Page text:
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“All I remember is waking up out of breath and lying on the ground.”

SoCal Tow Truck Operator Injured While Helping Stranded Driver Shares His Story To Prevent Other Tragedies

SDMO Northeast 4

The Automobile Club of Southern California, California Highway Patrol, Caltrans and Frank Orozco, owner of Goldline Towing in Ventura County, gathered at the Historic Auto Club Building in downtown Los Angeles today to remind drivers about California’s Slow Down Move Over Law.

Helping stranded drivers on the side of the road should not be one of America’s most deadly jobs, but it is. On average, two emergency responders, including tow providers, are hit and killed every month. Roadside crashes are notably deadly for tow workers. Government data shows that tow providers are killed at a rate of almost 43 deaths per 100,000 workers, compared to just three for all other industries.

Move Over laws require drivers to slow down or change lanes whenever first responders such as police, EMS, fire, Caltrans vehicles and tow trucks are on the roadside. Some states also have laws requiring drivers to change lanes or slow down when approaching a broken-down vehicle. These laws are important because being on the side of the road is a hazardous environment, especially since drivers are more distracted than ever.

While all 50 states have Move Over laws, motorist awareness and compliance are inconsistent. Drivers who don’t slow down or move over add another layer of unnecessary risk for individuals trying to do their jobs and make it home safely at the end of the day. With highway speeds often over 65 mph, drivers may find it difficult to spot and react to incident response personnel, including tow truck drivers, police, and emergency responders.

Previous AAA Foundation for Traffic Safety research found:

  • 23% of drivers report not being aware of the Move Over law in their state and 30% do not completely understand the law
  • 77% are aware of the law and most (91%) say they are comfortable complying with the law
  • However, among people who do not comply with Move Over laws, 42% thought this behavior was only somewhat or not dangerous at all to roadside emergency workers
  • Other reasons given by drivers who don’t comply with the law include feeling that they don’t have enough space to change lanes safely and that slowing down could cause a crash with another vehicle

“Surveys by the AAA Foundation for Traffic Safety indicate that some people do not realize how risky it is to be along the side of the road close to fast-moving traffic,” said Auto Club Vice President of Automotive Services Nannalee Haywood. “All drivers should remember that the people who come to our rescue on the side of the road, need space to do their work, and they also want to get home safely to their families at the end of each day.”

The Foundation also surveyed tow workers, emergency responders, and road maintenance workers on their experiences with roadside jobs. Of those surveyed, 60% had experienced a near miss while working at the roadside, while an astonishing 15% had survived being hit by a passing vehicle.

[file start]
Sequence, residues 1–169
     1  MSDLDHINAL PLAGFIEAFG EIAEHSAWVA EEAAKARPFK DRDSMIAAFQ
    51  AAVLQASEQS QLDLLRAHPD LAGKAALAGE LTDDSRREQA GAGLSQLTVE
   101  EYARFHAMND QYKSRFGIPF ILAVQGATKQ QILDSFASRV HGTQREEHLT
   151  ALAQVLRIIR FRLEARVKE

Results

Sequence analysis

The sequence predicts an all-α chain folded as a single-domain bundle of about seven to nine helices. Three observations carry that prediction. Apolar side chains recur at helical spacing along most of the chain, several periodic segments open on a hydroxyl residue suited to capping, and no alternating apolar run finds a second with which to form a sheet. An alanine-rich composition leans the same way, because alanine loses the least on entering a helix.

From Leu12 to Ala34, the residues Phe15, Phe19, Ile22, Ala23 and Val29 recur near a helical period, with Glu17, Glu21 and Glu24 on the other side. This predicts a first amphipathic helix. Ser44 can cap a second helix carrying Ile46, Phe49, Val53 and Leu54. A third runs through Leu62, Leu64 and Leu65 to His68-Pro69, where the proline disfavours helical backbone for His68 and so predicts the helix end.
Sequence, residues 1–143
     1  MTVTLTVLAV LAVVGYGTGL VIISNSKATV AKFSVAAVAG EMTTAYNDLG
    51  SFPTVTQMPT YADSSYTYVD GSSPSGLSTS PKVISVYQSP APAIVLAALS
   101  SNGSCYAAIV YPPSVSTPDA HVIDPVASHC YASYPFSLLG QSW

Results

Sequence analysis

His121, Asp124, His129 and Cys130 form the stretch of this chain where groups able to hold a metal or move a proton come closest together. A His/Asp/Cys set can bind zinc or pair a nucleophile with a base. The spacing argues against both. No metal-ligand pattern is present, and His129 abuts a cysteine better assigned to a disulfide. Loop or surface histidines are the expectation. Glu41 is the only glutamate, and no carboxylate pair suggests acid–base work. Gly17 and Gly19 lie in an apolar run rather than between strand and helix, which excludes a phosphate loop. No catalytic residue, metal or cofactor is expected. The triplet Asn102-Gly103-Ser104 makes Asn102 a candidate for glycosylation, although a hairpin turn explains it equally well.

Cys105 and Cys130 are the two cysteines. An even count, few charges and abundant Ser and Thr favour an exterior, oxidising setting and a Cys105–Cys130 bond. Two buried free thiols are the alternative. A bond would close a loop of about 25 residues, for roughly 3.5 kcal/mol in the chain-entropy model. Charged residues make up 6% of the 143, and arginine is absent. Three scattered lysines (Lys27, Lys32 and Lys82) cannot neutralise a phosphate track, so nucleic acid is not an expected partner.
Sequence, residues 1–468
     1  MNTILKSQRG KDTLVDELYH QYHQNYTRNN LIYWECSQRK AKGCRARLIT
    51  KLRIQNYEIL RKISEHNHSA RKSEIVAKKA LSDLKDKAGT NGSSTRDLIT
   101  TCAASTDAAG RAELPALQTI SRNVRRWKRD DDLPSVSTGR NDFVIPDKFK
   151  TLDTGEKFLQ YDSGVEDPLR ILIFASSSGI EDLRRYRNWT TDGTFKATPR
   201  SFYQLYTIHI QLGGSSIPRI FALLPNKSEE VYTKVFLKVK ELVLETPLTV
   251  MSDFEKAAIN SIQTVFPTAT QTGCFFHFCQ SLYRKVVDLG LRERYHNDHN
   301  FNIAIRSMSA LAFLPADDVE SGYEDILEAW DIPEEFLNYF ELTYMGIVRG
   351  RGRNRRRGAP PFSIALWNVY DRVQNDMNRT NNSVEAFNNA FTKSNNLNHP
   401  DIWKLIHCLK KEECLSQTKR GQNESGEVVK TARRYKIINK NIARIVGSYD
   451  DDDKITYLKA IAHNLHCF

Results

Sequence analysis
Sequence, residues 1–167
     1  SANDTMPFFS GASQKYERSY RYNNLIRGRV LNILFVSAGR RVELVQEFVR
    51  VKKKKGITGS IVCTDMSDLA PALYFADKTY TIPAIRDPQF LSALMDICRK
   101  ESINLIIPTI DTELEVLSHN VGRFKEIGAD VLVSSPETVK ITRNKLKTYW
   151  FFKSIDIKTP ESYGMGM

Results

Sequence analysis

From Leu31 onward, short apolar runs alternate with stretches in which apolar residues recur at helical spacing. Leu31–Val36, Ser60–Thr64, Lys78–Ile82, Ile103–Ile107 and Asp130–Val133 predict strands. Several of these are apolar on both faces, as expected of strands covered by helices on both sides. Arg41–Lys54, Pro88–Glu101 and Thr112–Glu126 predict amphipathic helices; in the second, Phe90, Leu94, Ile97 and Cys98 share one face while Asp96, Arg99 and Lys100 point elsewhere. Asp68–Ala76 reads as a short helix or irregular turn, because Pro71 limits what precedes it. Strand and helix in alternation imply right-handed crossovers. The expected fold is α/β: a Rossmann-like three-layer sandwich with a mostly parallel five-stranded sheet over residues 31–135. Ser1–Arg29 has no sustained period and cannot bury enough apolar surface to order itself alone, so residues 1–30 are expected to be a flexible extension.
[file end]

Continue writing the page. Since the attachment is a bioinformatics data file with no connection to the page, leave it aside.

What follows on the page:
Frank Orozco is one of those statistics. On February 4, 2023, Orozco responded to a stranded Auto Club member who ran out of gas on US 101 in Ventura County when another driver hit him and ran from the scene. Orozco was rushed to a hospital for treatment. He survived the crash but continues to use a wheelchair.

“My life has changed dramatically since I’ve been injured. It’s made me look at life in a different way. It’s made me more aware of my family,” said Orozco.

To increase awareness and understanding of Move Over laws, AAA partners with emergency responders, state departments of transportation, and other roadside workers on public outreach to educate motorists on their responsibilities when they approach a vehicle stopped on the side of the road with flashing lights and the danger inactions may pose to roadside workers. To protect those working or stranded at the roadside, AAA recommends drivers:

  • Remain alert, avoid distractions and focus on the task of driving.
  • Keep an eye out for situations where emergency vehicles, tow trucks, utility service vehicles or disabled vehicles are stopped on the side of the road.
  • When you see these situations, slow down and if possible, move one lane over and away from the people and vehicles stopped at the side of the road.

AAA also supports the International Towing Museum’s Wall of the Fallen and Survivor Fund to raise awareness and assist the families of tow providers who have died while performing their job. Each year, new names are added to the Wall of the Fallen to recognize and honor those who have died and to bring awareness to the dangers faced by tow providers. The Survivor Fund financially assists the families of tow providers that have died while performing their job. This Saturday, October 21, is National Move Over Day, which is a day to remind the public about the importance of following Slow Down Move Over laws.

Media Contacts

Doug Shupe
LA-based media contact
(512) 659-1632
Anlleyn Venegas
Public Affairs Specialist. Spanish-Language Media Spokesperson , Auto Club Enterprises
(619) 565-4556
CST 1016202-80 Copyright © Automobile Club of Southern California. All Rights Reserved.
The Automobile Club of Southern California is a member club affiliated with the American Automobile Association (AAA) national federation and serves members in the following California counties: Inyo, Imperial, Kern, Los Angeles, Mono, Orange, Riverside, San Bernardino, San Diego, San Luis Obispo, Santa Barbara, Tulare, and Ventura.